As an exponent of educational technology, are you expected to use technology all the time? The answer is probably “yes”. But should you?
I always carry a notebook around with me. In one school I worked in as Head of ICT, I was “caught” writing a reminder to myself in it – and was rewarded the following morning with a spoof letter in my inbox. Signed by the Principal, it regretted that he would have to reconsider my continued employment at the school seeing as it had been brought to his attention that I had been found using old technology! Obviously, this was a joke, but it did indicate that my colleagues’ expectation was that I would always be an advocate of using technology. To decide not to use it may not have made me unpopular as such, but would possibly have raised eyebrows – especially amongst those members of my team who liked to “bang the drum” about technology whenever they had an opportunity.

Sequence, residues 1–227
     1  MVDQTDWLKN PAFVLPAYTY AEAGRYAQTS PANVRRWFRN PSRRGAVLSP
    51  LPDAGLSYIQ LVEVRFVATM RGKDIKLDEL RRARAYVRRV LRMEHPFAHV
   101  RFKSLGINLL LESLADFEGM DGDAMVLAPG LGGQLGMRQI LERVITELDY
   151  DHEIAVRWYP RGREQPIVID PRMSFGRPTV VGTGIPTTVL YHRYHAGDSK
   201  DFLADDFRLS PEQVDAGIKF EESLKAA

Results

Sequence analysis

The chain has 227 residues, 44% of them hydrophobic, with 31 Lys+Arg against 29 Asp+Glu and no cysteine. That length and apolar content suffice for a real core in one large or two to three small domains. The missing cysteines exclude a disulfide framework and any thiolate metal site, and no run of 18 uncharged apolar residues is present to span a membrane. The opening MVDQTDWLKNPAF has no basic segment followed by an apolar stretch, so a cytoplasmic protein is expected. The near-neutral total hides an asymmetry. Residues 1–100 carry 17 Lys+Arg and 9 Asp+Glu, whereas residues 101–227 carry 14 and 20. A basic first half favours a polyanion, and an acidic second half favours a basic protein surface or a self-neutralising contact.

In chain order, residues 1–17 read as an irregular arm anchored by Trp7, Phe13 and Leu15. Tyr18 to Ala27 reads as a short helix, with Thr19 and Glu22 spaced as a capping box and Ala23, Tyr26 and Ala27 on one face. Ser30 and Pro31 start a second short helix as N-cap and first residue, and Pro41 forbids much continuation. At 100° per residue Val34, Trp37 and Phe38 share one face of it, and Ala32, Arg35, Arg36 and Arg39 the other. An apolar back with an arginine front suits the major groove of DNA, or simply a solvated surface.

The key issue, of course, is not using technology, but to use appropriate technology. Given the choice between (in those days) firing up a computer, starting a Word document, typing my memo and then printing it, or jotting it down in a pocket notebook, the decision was a no-brainer. These days, of course, it’s possible to record a voice memo, jot a note down in a notebook that will record it electronically (see Review of the Livescribe Pulse Smart Pen for example – I have a pocket notebook version of the notepad), send an email to yourself with your Smartphone, and so on.
Nevertheless, all that has happened is that the threshold of “appropriateness” has been changed: at some point, there will always be a choice of what sort of technology is most appropriate to use. Interestingly, last night I watched an episode of NCIS in which there was a prolonged power cut. The only person who could cope well was Gibbs, their technologically-challenged boss. No charge in the digital camera? No problem: use a Polaroid instead. No photocopier working? No problem: use a Gestetner instead.
Being old-fashioned may not immediately strike you as being a good strategy for a tech-evangelist, but sometimes it really is!